Rep. Mark Takano (D-Cali.) asked if the Biden Administration’s proposed rule for misclassification adopts the ABC test, as Kiley and other Republicans suggested. Padin said that the ABC test was not adopted and that instead there is a six-factor test.

Rep. Eric Burlison (R-Mo.) asked about the impact of a recession on independent contracting jobs. Palagashvili noted that the DOL rule would lead to significantly less independent work opportunities.

Worker Rights

Rep. Bobby Scott (D-Va.) asked for confirmation that independent contractors are not guaranteed certain worker rights, such as minimum wage and overtime, unemployment insurance, or commission if they’re hurt. Padin confirmed that they are all not guaranteed to independent contractors, but they are guaranteed for employees.

Rep. Haley Stevens (R-Mich.) directly asked about the consequences for workers when their employees misclassify them. Padin noted that workers lose out on almost all employment rights and protections, including the right to collectively bargain and social insurance programs.

Adams asked Padin if being an employee means that an individual cannot enjoy flexibility. Long and Padin disagreed and noted that employees and classified workers can also enjoy flexibility.

Adams followed her question by asking what policies could be adopted to give employees more flexibility in their day-to-day lives. Padin noted that there needs to be federal legislation that ensures workers have the right to request scheduling changes entirely. She also noted that the Health Families Act would be greatly beneficial.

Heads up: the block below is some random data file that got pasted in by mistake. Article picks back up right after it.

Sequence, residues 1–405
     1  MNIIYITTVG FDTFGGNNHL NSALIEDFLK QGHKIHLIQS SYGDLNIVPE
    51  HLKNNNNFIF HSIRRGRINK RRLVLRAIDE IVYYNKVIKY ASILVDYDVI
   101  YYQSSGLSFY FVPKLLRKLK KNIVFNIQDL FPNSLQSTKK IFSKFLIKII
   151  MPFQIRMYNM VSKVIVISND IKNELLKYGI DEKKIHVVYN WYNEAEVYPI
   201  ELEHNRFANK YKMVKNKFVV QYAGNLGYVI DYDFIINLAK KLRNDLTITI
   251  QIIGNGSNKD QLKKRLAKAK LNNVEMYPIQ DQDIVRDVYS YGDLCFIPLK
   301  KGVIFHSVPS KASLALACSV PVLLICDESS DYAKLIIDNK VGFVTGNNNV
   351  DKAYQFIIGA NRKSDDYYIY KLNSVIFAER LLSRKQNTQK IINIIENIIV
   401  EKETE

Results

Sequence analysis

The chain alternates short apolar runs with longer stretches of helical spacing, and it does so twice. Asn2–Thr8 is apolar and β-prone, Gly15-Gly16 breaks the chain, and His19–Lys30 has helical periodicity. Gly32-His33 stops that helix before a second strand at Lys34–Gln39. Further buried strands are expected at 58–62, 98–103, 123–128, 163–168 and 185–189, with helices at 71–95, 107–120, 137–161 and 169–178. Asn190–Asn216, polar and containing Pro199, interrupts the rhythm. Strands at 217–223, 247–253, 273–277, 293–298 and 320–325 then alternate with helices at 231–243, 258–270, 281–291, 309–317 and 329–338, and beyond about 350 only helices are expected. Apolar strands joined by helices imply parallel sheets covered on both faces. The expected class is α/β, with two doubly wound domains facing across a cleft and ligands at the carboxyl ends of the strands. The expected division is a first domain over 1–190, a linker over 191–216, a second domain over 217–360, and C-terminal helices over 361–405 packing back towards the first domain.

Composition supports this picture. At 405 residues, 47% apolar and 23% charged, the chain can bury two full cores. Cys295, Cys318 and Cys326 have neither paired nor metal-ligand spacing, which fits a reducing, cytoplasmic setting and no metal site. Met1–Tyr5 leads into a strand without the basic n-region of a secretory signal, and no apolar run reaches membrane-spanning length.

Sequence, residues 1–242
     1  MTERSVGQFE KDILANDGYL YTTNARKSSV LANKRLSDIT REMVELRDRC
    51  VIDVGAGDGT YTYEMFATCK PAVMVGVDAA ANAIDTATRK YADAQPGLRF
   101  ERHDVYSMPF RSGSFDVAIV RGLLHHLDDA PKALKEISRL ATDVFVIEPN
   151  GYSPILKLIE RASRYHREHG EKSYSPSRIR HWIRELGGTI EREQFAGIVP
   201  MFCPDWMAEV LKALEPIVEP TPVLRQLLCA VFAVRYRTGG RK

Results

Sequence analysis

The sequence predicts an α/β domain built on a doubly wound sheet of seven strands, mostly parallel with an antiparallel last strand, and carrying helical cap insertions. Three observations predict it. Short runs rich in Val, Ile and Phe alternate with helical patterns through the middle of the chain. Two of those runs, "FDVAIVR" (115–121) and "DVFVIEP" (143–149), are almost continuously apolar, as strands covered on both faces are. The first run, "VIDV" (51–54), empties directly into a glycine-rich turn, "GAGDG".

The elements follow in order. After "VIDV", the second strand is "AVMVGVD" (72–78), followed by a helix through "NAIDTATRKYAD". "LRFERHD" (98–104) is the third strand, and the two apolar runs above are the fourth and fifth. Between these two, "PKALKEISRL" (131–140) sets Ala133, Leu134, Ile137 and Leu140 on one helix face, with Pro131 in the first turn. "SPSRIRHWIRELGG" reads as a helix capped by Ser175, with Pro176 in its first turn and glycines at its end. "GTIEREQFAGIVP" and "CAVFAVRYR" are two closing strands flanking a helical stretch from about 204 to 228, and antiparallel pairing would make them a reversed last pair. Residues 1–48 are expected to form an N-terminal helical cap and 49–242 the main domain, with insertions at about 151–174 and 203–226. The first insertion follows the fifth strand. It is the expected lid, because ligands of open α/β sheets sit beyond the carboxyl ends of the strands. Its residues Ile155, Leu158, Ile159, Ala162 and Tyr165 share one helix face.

Reality of Misclassification

Stevens also asked what we can glean from data on the prevalence of misclassification. Padin stated that most of the data is coming from states that have misclassification task forces, but that the data that is being released is troubling. She also noted that the studies are underestimating the severity of misclassification.

Rep. Ilhan Omar (D-Minn.) raised the question of what industries are liable for independent contracting misclassification. Padin said that low-wage and labor-intensive industries have the highest misclassification rates. She also specifically noted that construction, home care, trucking, and janitorial work are specific fields that misclassify at a higher rate. Scott also asked how much money businesses that misclassify workers save by doing so. Padin estimated that 20-40% of payroll costs can be saved, which employers typically put into their own pocket.